N x N Register array of 16-bit dattype, how much registers does it actually occupy ?

I have a N x N register array (an array which completely resides in GPU register) of a 16-bit data type (e.g. unsigned short). How much GPU registers (which are 32-bit i suppose) does it actually occupy ? N * N / 2 or N x N ?

The CUDA device compiler won’t automatically pack two 16-bit quantities into a 32-bit register.

You can discover register utilization for any particular code by using -Xptxas -v when compiling the code.

thx for the info regarding the compiler behaviour and the registrer utilization info!

In terms of register usage, it would have been etter for my use case (2-D convolution on ‘16-bit float’ images) if the compiler would pack the register arrays (and generate the necessary instructions to ‘unpack’ a 16-bit value from the upper|lower part of a 32-bit register). But there might be valid reasons for the compiler to not do it - e.g. some register bank conflicts etc.

@HannesF99, another option is to explicitly use the vector data type ‘ushort2’ and it will occupy 1 32-bit register.

There are also 16-bit SIMD opcodes documented in the PTX ISA guide:

  • vadd2
  • vsub2
  • vavrg2
  • vabsdiff2
  • vmin2
  • vmax2
  • vset2

While the SIMD instructions are useful for integer operations (and thus exposed in CUDA as device functions / intrinsics), I don’t see how they would help with handling FP16 data in HannesF90’s use case.

Modern GPU architectures do not support addressing the high and low half of a 32-bit register separately (something supported by sm_1x GPUs if I recall correctly) so there is no straightforward way to access 16-bit data in 32-bit register. Using extra instructions to extract and insert data would be a lot of additional work, so I do not think this makes much sense from a performance perspective and it would probably create a register allocation nightmare if implemented in a compiler.

You could give the packing / unpacking approach a try by doing this manually with the __byte_perm() intrinsic. Best I know, current GPUs do not have support for operations on packed FP16 data, so a lot of packing and unpacking would be necessary, as operands need to be unpacked before being operated on as single-precision data.

How large is N in the use case? Modern GPUs (>= sm_35) provide quite a few registers so unless the value of N is quite large I do not see how packed storage would help a lot. Is register pressure really the most pressing performance limitation?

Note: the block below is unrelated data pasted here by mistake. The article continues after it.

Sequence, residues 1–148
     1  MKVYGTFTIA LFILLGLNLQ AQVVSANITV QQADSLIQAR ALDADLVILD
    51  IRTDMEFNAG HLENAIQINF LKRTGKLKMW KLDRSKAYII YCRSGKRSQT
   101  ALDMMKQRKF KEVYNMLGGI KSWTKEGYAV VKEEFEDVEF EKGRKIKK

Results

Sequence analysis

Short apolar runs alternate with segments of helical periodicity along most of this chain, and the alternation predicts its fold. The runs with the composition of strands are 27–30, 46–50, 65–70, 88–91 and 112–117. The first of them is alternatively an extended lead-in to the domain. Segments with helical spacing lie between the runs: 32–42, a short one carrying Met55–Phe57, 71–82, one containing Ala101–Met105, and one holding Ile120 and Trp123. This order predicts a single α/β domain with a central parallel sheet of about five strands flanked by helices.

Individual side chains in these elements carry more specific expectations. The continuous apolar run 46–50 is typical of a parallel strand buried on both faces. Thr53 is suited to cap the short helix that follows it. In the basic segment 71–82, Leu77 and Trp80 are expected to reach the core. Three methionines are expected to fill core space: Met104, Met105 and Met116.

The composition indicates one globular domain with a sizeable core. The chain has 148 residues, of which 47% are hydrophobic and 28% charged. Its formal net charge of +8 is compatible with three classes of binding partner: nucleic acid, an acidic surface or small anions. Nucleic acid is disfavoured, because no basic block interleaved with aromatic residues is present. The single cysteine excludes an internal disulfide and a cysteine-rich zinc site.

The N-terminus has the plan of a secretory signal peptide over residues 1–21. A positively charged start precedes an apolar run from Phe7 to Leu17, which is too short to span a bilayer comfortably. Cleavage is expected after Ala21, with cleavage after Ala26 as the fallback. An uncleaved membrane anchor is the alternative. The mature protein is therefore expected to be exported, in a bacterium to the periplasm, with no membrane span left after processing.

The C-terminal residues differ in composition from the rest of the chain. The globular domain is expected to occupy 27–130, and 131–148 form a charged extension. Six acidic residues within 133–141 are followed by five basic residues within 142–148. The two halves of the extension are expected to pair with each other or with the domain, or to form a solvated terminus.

@HannesF99 didn’t ask about FP16 in the original question.

The question was a theoretical, “How many registers?” and not “is this a good idea?”

The ushort2 would be aliased/unioned as a u32 for the SIMD PTX instruction. As you note, the non-SIMD ops would have to be split into 32-bit 16v2>32>[operations]>32>16v2 sequences.

Additionally, SWAR-style operations could be used on u32/u16v2 registers.

Of course it would be slow if the code wasn’t a heavy user of the native SIMD ops… but it might be compact.

Additionally, many non-CUDA mobile/integrated GPUs now have robust FP16 SIMD support.

I noticed that I mangled HannesF99’s screen name to HannesF90. Sorry about that.

For integer data that naturally exists in packed-byte or packed-short form, use of CUDA SIMD intrinsics is highly recommended on Kepler-based GPUs, and I would even recommend trying this approach on other GPUs where they are emulated (either partially or completely). FWIW, as far as I am aware the inefficiencies of the SIMD emulation on sm_50 have been addressed.

I readily admit that I do not have any insights into non-NVIDIA GPUs, so please read “current GPUs” as “current NVIDIA GPUs”. The last time I looked at FP16 was on ARM and x86, and at the time I found only support for FP16 as a storage format, i.e. same as current NVIDIA GPUs. I would be interested to learn about use cases for packed FP16 and which platforms offer native support beyond load and store instructions.

The only use case for FP16s that I’ve personally dealt with is programmatically compositing pixels (vs. using fixed-function hardware). An FP16v4 is a really nice representation of a pixel and if you have FP16 FMAs then it’s performant too.

Semi-related: as mentioned in another thread, it looks like there is a new set of FP16 v2/v4 atomic operations available in OpenGL. I think it’s Maxwell only.

FP16 are very useful in image processing tasks, like in my case for calculating wavelet transform. As most basic image processing operations have very low arithmetic intensity the extra operations for packing and unpacking a FP16 should not be a problem. I use the register arrays in order to prefetch an small image region into a register as described in http://parlab.eecs.berkeley.edu/publication/899 . I suppose N practically might be up to 7, or so.